Microsoft Misses Windows Bug, Hackers Slip Past Patch

Last week's security update 'not robust enough,' say researchers who co-reported flaw

cybersecurity lock touch worker man
Credit: Thinkstock

Microsoft patched one bug in Windows last week, but missed another that hackers continue to exploit, according to security researchers at McAfee.

On Tuesday, Microsoft confirmed that cyber criminals are targeting victims using tricked-out PowerPoint files that exploit a "zero-day" vulnerability, or a bug that has not been patched.

"Microsoft is aware of a vulnerability affecting all supported releases of Microsoft Windows, excluding Windows Server 2003," the company said in a security advisory yesterday. "At this time, we are aware of limited, targeted attacks that attempt to exploit the vulnerability through Microsoft PowerPoint."

What was interesting about the latest Windows zero-day was that it was similar to, if not related to, a vulnerability Microsoft patched last week. In bulletin MS14-060 of Oct. 14, Microsoft fixed a flaw identified as CVE-2014-4114, which was also in the OLE code within Windows.

Like the latest vulnerability, CVE-2014-4114 had been exploited using malicious PowerPoint files. When the rogue files were opened -- attackers attached them to email messages, using the presentations as bait to get users to open them -- the malware payload executed. The same process is being used by the hackers to exploit the zero-day.

Microsoft also used the same description of "limited, targeted attacks" to describe the ongoing attacks leveraging CVE-2014-4114.

McAfee, whose team was one of two that reported the zero-day to Microsoft, was politic, but implied Microsoft should have caught the latest bug during its code review and patch creation for last week's CVE-2014-4114.

"During our investigation, we found that the Microsoft's official patch (MS14-060, KB3000869) is not robust enough>," wrote Haifei Li on McAfee's blog (emphasis added). "In other words, attackers might still be able to exploit the vulnerability even after the patch is applied. Users who have installed the official patch are still at risk."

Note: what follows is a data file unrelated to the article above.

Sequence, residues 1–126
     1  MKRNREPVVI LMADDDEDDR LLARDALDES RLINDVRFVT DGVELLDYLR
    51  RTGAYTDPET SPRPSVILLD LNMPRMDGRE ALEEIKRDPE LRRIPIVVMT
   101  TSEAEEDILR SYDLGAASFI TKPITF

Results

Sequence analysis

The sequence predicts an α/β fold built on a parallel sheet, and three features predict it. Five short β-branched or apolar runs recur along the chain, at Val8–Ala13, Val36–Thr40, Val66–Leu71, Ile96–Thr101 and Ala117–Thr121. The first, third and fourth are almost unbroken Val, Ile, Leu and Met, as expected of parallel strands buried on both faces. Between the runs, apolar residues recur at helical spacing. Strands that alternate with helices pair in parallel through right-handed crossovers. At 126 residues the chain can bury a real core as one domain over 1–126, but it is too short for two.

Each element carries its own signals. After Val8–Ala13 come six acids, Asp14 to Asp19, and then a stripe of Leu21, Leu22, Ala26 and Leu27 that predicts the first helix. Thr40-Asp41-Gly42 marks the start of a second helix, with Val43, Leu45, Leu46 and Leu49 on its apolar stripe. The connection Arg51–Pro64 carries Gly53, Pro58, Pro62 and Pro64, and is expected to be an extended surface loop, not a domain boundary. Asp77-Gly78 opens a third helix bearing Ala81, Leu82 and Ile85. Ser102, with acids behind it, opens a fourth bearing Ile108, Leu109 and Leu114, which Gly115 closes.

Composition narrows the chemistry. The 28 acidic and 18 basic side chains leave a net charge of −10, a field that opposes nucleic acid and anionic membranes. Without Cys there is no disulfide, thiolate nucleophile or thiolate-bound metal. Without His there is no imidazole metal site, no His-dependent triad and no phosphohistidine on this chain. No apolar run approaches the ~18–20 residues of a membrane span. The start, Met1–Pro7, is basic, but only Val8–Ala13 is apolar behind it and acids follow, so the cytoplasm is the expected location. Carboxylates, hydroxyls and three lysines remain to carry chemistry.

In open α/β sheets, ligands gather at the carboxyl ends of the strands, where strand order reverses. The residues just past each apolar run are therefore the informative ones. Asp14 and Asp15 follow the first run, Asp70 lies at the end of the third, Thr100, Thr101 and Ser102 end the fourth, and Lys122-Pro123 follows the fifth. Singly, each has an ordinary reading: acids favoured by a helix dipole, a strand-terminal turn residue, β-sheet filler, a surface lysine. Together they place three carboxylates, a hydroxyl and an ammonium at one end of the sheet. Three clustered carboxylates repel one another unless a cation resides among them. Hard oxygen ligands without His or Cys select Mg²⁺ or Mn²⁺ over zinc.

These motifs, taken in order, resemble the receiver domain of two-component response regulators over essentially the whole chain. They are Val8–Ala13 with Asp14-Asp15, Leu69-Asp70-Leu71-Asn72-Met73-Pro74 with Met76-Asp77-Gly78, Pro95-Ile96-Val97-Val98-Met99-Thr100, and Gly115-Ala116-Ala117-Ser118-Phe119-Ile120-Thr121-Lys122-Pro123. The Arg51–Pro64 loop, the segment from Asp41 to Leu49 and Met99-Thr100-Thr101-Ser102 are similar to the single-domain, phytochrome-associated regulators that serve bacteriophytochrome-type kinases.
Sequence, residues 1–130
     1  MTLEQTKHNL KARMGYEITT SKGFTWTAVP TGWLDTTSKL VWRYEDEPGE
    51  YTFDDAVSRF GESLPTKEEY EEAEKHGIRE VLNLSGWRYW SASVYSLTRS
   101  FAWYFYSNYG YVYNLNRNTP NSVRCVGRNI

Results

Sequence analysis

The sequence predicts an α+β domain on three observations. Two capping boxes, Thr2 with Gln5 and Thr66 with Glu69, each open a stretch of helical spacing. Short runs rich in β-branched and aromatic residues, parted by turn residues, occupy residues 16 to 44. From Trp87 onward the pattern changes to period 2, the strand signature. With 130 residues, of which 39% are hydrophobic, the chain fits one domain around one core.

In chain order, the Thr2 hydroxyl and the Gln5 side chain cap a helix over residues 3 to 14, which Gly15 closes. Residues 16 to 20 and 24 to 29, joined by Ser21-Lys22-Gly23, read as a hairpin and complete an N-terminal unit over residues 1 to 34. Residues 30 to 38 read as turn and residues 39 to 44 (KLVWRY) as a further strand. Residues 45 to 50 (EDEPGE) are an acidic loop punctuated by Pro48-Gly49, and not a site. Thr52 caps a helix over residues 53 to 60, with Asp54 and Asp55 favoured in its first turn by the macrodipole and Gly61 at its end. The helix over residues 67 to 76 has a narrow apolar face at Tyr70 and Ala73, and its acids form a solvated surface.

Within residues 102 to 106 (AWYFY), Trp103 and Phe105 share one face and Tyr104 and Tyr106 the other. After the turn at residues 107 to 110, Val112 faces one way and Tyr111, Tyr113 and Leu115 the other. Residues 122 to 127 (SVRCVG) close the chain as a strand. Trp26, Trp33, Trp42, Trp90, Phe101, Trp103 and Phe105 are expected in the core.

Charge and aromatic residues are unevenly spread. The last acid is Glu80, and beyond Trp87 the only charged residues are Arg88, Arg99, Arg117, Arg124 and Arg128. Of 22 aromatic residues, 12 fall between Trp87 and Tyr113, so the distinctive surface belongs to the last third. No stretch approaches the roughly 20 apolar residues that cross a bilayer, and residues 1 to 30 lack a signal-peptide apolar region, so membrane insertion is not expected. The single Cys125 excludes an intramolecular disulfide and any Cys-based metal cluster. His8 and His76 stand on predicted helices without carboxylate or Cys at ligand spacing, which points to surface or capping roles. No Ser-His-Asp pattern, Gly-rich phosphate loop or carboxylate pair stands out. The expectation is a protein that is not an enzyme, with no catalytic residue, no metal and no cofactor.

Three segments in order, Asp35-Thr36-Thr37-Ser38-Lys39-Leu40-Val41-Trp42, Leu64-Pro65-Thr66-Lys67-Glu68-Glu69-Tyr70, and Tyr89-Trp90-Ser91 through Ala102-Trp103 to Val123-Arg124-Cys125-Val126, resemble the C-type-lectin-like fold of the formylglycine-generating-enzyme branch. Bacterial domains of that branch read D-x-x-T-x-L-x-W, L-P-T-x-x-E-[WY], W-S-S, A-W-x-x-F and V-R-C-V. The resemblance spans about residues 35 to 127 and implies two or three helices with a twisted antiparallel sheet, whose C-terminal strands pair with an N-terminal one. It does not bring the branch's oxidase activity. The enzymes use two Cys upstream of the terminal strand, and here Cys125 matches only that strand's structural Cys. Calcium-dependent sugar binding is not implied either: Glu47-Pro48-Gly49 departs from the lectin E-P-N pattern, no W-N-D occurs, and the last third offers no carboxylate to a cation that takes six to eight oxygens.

Li was one of the two McAfee researchers Microsoft credited with reporting the zero-day. Three members of Google's security team were also thanked for filing a bug report.

McAfee's title for Li's blog post -- "New Exploit of Sandworm Zero-Day Could Bypass Official Patch" -- also gave weight to Microsoft's oversight, as did the speed with which Li and his colleague, Bing Sun, were able to come up with a proof-of-concept exploit. Li and Sun wrapped up their investigation on Oct. 17, just three days after Microsoft patched CVE-2014-4114.

There are differences between the exploits of the two vulnerabilities. According to Symantec, attacks leveraging CVE-2014-4114 are stealthier, as the exploits sidestep UAC (user account control), the pop-up alerts that require user authorization before Windows is allowed to perform certain chores, like running software.

By Microsoft's account, some, although not all, attacks exploiting the zero-day do trigger UAC.

Symantec also claimed that there was evidence that at least two hacker groups were exploiting the zero day: The gang dubbed "Sandworm," allegedly based in Russia, and another named "Taidoor," which has previously targeted Taiwanese businesses and government agencies.

Both CVE-2014-4114 and the latest vulnerability -- which is tagged CVE-2014-6352 -- may have been recent discoveries by the criminals, as the former was first seen exploited in August while the latter popped up on Symantec's radar last month.

In its advisory, Microsoft recommended that customers apply an automated "Fixit" tool to block known attacks, and if necessary, take other steps, including using EMET 5.0 (Enhanced Mitigation Experience Toolkit) to harden PowerPoint's defenses.

This story, "Microsoft Misses Windows Bug, Hackers Slip Past Patch" was originally published by Computerworld.

To comment on this article and other CIO content, visit us on Facebook, LinkedIn or Twitter.
Download the CIO October 2016 Digital Magazine
Notice to our Readers
We're now using social media to take your comments and feedback. Learn more about this here.